I have a sleep history. For most of my adult life I have been a card-carrying insomniac. Waking at 3:00 am with a crazy energy, sweeping the front porch at dawn and banging pots and pans (or any other noisy handiwork) by 5:00 am. Loved ones stuffed toilet paper in their ears to deaden the sound, or wandered confusedly into hallways, looking for the source of the early morning cacophony. It has been the origin of family lore and table talk for years.
Trouble Sleeping and Recovery
One of the hallmarks of active addiction is insomnia. And when I was drinking, I’d fall asleep most nights (often fully clothed and shod), wake when my blood sugar dropped and rise like a vampire to get some water, put on pajamas, and alphabetize cans in the pantry. But as a person in recovery, I became an excellent sleeper. In fact, my insomnia evaporated like morning dew; I even began to set an alarm.
Here’s the interesting thing about sleep and mental health: it’s a classic chicken and egg situation. Mental disorders, including substance use disorders, cause sleeplessness. But the opposite is also true – insomnia causes mental disorders and a vulnerability to drugs and alcohol.
Most common mental disorders, from depression and anxiety to PTSD, are associated with disturbed sleep, and substance use disorders are no exception. The relationship may be complex and bidirectional: Substance use causes sleep problems; but insomnia and insufficient sleep may also be a factor raising the risk of drug use and addiction.
Dr. Nora Volkow, “Nora’s Blog” National Institute on Drug Abuse (NIH)
Anyone with disturbed sleep knows intuitively that it is bad for your health. There is nothing so dire (or fruitless) as staring at the ceiling in the middle of the night with a problem circling around the psyche. Everything seems worse at the witching hour. And when you can’t sleep you are vulnerable to raiding the refrigerator for leftover pizza, or taking a shot of vodka to “help you get drowsy”. And lack of sleep can lower immunity (making you more vulnerable to virus), impact memory and decision making, and increase the risk of weight gain, diabetes, and high blood pressure.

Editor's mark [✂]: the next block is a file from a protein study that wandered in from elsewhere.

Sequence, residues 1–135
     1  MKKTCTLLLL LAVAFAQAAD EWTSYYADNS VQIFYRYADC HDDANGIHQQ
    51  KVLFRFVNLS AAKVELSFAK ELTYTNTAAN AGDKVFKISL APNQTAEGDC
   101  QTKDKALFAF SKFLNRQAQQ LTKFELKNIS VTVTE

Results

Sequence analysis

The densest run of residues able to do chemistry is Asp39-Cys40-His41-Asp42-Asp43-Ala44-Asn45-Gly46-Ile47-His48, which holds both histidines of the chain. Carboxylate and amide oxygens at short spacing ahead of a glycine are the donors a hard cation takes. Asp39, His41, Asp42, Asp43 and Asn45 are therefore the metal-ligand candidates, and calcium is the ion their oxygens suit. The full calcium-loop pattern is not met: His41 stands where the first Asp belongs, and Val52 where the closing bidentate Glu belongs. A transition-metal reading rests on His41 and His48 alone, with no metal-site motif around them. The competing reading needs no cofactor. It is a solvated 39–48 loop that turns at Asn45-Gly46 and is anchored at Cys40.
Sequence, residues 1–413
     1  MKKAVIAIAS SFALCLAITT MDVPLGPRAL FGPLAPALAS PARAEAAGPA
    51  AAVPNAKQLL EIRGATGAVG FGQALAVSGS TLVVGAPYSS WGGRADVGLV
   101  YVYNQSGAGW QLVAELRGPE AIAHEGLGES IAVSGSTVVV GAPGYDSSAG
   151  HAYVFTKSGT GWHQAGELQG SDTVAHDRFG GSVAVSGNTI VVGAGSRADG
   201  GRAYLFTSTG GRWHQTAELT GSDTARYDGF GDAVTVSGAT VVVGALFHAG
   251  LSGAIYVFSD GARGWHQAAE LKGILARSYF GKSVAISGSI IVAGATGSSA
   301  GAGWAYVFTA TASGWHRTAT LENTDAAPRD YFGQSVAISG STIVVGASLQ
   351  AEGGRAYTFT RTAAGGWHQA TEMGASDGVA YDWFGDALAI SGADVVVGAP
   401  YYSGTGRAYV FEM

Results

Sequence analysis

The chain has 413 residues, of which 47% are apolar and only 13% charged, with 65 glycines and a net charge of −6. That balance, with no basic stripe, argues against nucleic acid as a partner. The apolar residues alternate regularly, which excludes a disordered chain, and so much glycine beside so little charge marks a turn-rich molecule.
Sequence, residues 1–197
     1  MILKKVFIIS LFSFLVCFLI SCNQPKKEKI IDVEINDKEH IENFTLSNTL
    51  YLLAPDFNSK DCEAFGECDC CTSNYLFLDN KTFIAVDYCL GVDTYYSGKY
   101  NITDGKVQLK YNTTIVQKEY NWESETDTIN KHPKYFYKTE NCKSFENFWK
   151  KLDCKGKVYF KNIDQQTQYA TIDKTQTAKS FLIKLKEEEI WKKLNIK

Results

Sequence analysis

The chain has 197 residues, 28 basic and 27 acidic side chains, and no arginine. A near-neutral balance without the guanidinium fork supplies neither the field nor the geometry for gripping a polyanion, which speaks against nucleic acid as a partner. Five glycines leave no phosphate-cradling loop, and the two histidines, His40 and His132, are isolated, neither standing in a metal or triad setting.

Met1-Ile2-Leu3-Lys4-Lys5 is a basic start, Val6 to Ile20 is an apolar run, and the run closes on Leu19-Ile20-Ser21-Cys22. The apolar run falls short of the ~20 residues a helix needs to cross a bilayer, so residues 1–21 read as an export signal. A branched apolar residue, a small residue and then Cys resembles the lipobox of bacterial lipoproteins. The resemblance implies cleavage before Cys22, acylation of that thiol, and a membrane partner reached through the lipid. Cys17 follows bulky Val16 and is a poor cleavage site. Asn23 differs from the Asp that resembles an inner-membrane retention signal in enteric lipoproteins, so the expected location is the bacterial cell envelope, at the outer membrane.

How is COVID-19 Impacting Sleep?
The pandemic has caused an upsurge in stress-related insomnia. Stress is often a trigger for sleep problems, but the social distancing and quarantining associated with the pandemic leads to isolation and depression, which also causes sleeplessness. It’s no wonder we are walking around like zombies, feeling grumpy and out of sorts.
It’s not just you…Stress-related insomnia due to the COVID-19 (coronavirus) pandemic is definitely a thing and it’s more complicated than typical stress-related sleeplessness. Because it’s not just about the virus; it’s also about everything else that’s changed because of the virus… And this loss of sleep, especially over time, has a negative effect on your overall health.
The Cleveland Clinic – How the COVID-19 Pandemic Can Impact Your Sleep
The usual tips to improve quality of sleep, although good advice, seem a little naïve during 2020. It is tough to write in a journal or meditate when your mind is full of financial worries or fear you’ve been exposed to a deadly virus.
Keep regular sleep hours
Create a restful sleep environment
Do not overindulge in food, drugs or alcohol
Have a comfortable/designated place to sleep
Limit caffeine, do not smoke
Relax or meditate
If nothing works, get up and do something relaxing
In a recent article, the Cleveland Clinic updated their tips for combating insomnia with the pandemic in mind.
The Cleveland Clinic’s tips for combatting stress?
Take a break from the news
Create a daily schedule/routine (including bedtime) and stick to it
Get light exposure in the morning! Our circadian rhythm is disrupted when working from home
Avoid clock watching – practice relaxation techniques during the day
Avoid over-the-counter sleep aids and melatonin
Get up and distract yourself
Get Up Until You Get Sleepy
One tip for those with trouble sleeping, is to get up and change the scene. Whether it is the pandemic, normal stress or a sugar crash, if you can’t fall asleep or wake in the middle of the night, the 20-minute rule applies.
If you haven’t fallen asleep after about 20 minutes, consider getting up and going to a different room. Distracting yourself, in the form of reading, calming yoga stretches or a relaxing hobby like knitting can help. By going to a different room, you can keep it — in your mind — as a place of peace and relaxation and not associated with the annoyance of interrupted sleep.
Michelle Drerup, PsyD, DBSM – Sleep Psychologist, Cleveland Clinic
As we navigate a world-wide pandemic, it will help you sleep better to know there are resources to go to for mental health assistance. During 2020, there have been countless blogs, podcasts, virtual communities, webinars, telehealth treatment programs, and help lines created. Consequently, for those with heightened anxiety during this uncertain time, there is help available.
P.S. I wrote this (relaxing hobby?) at 3:21 am…
For more information, Click the links below:
Cleveland Clinic “healthessentials” September 30, 2020